My first job was at a smallish ad agency in Annapolis. I spent four years there, and the job wasn't actually right for me in more ways than I can count, but I did learn a lot.
One of the cooler things I took away from that job, largely thanks to my friend Joyce, was a fascination with different types of paper. Not long into my time at the agency, Joyce and some of the graphic designers (including my old roommate, who now owns this company) took me to a paper show at the Belvedere.
It was wildly cool and I went home with a bag full of samples (that are probably still in my attic). Paper can be so tactiley and visually cool - it has the power to inspire so much creation.
I wish I had enough time to take one of these papermaking classes at Pyramid Atlantic. I also wish I was more of a visual artist, but I just don't have what it takes. Then again, some days, I also wish I was a spy, a jewel thief (did you all hear about this craziness?) and an art thief. I get over my career fantasies.
And how is this about food? As usual, I think it is.
First, there's something inherently creative in making paper, much like there's something creative in making food. In both cases, the final product is something practical. But also in both cases, modern technology could actually take over most of the human role in the practice. But just like we'd only end up with boring, processed, not-so-great food if the cooking process was 100% automated, if people weren't involved in the papermaking process, it seems unlikely that we'd ever see some of the cooler specimens that exist.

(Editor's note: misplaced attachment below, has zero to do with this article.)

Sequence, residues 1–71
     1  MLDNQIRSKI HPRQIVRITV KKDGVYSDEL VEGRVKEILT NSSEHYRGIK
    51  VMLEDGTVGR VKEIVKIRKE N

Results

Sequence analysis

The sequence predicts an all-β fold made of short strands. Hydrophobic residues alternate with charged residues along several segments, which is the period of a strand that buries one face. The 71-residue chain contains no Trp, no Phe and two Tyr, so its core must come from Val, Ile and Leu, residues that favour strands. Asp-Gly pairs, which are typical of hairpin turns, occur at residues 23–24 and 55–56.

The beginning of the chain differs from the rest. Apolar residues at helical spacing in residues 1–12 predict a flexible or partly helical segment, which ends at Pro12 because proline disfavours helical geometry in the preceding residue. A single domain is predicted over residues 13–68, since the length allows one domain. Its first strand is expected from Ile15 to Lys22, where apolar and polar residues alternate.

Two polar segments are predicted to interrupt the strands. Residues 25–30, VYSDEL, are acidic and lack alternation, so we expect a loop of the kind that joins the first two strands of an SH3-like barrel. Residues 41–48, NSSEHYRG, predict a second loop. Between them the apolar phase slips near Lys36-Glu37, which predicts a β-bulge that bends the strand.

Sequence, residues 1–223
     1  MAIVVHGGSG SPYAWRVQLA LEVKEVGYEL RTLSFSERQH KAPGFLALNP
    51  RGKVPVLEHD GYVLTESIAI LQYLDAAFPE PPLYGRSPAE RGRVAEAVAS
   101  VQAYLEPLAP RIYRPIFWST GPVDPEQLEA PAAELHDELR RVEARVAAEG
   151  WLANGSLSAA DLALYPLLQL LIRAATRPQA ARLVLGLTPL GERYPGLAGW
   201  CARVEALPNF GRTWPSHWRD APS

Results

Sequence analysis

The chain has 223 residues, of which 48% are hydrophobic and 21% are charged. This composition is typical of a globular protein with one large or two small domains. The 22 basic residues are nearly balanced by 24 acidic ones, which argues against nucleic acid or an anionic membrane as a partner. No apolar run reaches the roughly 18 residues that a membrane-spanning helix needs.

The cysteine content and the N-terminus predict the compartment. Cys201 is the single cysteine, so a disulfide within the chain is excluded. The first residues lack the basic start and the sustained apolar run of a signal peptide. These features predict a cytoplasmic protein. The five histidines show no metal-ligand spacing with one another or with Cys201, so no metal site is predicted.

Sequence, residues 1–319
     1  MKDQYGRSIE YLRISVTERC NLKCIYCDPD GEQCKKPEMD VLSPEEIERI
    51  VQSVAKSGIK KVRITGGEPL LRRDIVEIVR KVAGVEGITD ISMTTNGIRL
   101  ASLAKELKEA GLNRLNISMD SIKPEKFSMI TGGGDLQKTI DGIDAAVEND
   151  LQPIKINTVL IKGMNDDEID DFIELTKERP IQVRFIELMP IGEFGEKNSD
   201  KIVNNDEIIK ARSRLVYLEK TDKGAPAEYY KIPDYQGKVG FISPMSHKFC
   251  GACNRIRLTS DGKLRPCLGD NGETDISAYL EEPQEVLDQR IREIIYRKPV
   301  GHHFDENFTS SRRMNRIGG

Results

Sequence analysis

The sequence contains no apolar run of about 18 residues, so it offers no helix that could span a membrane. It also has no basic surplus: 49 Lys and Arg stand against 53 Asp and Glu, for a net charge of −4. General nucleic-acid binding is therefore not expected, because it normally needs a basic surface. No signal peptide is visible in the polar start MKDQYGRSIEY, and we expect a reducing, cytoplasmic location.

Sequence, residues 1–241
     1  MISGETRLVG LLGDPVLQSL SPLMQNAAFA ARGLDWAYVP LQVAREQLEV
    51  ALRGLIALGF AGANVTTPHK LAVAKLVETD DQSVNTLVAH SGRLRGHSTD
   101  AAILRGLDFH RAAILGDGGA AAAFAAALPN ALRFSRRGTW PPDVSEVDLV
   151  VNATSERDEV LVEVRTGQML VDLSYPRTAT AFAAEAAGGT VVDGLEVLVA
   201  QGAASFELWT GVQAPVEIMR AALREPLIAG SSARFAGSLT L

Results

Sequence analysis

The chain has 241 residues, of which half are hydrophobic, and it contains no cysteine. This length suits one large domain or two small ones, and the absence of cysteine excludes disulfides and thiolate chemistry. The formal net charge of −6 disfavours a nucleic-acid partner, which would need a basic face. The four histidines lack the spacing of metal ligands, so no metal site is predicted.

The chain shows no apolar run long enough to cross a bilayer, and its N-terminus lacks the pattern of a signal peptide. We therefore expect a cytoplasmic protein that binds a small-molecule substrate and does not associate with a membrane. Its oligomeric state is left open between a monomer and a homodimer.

Of course, a lot more people cook than make paper. But still.
Also, there's something about papermaking that reminds me of what I always read about breadmaking. Culinary novice that I am, I've never made my own bread. Something about yeast makes me nervous. But when I read stories by people who do make their own, I'm always impressed by how therapeutic and elemental the process sounds. It seems to always involve so much love and to offer the kind of zen you usually find closer to a yoga mat than a stove.
I could be wrong, but I get the impression papermaking would deliver something of the same emotional/mental result.
Will the search for inner peace drive me to get over my yeast trepidation? Or to a papermaking class? Well, not this week at least. But isn't it just kind of nice to think about?